THE RISK FACTORS OF 5TH METATARSAL STRESS FRACTURE IN FOOTBALL PLAYERS

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Abstract

Background

No firm consensus has been established regarding the risk factors for stress fracture of the 5th metatarsal because of a lack of large-scale prospective studies.

Objective

The purpose of this study was to clarify the risk factors for a stress fracture of the 5th metatarsal.

Design

Cohort study.

Setting

Prospective study with well-trained varsity players.

Participants

One hundred and sixty healthy collegiate male football (soccer) players.

Assessment of Risk Factors

The medial lateral arch ratio of the foot, leg-heel alignment with weight-bearing (WLHA), LHA without weight-bearing (NLHA), relative angle of the forefoot to the hindfoot (FA-H), and plantar pressure during the heel raise position were measured. Rearfoot and forefoot alignment were evaluated from images using Image J. The plantar pressure distribution was measured using a plate-type lower limb GP-6000 weighted meter and pressure distribution-measuring MD-1000 device from Anima Co., Ltd.

Main Outcome Measurements

The measurements from players who were diagnosed with a stress fracture of the 5th metatarsal were compared with the measurements from non-injured players.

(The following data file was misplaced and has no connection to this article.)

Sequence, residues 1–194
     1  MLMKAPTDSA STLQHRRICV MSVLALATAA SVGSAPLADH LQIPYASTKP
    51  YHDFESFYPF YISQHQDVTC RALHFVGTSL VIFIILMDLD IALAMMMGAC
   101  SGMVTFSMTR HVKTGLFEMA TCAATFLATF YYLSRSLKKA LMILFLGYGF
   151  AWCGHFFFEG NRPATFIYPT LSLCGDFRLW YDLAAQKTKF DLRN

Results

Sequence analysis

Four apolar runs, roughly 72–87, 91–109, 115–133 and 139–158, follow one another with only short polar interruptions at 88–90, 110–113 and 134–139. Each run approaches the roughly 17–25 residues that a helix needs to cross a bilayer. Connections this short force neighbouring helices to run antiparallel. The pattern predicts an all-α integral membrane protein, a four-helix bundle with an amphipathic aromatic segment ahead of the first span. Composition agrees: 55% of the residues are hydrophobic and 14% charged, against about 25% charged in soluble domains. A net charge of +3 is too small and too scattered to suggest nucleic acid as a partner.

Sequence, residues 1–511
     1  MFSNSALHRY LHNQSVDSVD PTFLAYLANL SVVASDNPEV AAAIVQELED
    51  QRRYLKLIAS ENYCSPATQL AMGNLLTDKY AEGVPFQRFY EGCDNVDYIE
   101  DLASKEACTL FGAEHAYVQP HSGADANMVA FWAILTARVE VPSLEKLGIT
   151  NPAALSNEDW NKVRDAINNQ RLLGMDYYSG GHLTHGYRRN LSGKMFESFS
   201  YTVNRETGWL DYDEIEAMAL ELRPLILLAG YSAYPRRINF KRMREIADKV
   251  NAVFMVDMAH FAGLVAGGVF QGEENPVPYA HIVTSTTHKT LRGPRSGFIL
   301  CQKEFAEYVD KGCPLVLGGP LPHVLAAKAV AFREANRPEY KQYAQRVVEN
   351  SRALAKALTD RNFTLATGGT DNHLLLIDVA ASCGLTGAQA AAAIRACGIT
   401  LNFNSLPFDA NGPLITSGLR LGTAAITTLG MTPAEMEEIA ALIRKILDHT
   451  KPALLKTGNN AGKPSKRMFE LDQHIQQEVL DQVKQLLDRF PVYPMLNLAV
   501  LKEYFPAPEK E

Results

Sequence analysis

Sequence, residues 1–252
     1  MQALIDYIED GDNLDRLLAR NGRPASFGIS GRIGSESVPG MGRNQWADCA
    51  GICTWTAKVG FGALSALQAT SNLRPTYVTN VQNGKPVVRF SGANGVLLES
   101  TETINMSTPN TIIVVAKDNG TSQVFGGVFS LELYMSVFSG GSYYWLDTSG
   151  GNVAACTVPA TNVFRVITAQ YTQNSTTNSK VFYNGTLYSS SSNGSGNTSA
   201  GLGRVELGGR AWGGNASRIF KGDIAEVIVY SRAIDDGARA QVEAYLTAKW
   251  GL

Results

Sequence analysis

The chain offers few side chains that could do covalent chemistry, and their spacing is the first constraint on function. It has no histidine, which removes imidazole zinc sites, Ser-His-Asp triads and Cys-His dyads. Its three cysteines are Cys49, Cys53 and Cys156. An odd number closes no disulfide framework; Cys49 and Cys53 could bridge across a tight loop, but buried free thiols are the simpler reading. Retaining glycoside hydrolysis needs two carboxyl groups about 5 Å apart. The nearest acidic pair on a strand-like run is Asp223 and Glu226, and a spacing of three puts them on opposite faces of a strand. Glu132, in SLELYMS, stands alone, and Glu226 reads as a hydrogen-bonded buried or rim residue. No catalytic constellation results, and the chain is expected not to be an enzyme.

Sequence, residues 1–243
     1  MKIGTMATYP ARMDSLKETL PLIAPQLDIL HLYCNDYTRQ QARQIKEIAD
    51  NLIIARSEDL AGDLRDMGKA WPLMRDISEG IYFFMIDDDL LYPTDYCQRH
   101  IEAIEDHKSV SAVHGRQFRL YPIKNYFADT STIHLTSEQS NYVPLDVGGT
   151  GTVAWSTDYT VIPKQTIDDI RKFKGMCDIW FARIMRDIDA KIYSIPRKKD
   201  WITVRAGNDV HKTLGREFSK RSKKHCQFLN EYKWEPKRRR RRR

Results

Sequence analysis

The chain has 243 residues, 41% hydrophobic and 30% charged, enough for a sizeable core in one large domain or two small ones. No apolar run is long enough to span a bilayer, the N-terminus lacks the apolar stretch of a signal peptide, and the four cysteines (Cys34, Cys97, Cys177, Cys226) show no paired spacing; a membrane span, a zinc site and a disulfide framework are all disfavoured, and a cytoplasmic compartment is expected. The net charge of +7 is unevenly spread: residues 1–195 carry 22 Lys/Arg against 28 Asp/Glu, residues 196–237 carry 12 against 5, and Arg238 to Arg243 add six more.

Results

Four players were diagnosed with a stress fracture of the 5th metatarsal. The arch ratio, WLHA, and FA-R of the injured players were higher than those of the non-injured players (17.8±0.21 vs. 1.68±0.26, −3.79±2.5° vs. −4.24±2.93°, 4.34±3.62° vs. 3.19±5.18°). The NLHA of the injured players was lower than that of the non-injured players (3.08±2.29° vs. 6.03±4.51°). The plantar pressure of the injured players tended to be located in a more lateral position compared with the non-injured players during heel raise (55.41±1.59% vs. 47.93±4.59%).

Conclusions

Stress on the lateral side of the foot during heel raise may cause stress fractures of the 5th metatarsal.

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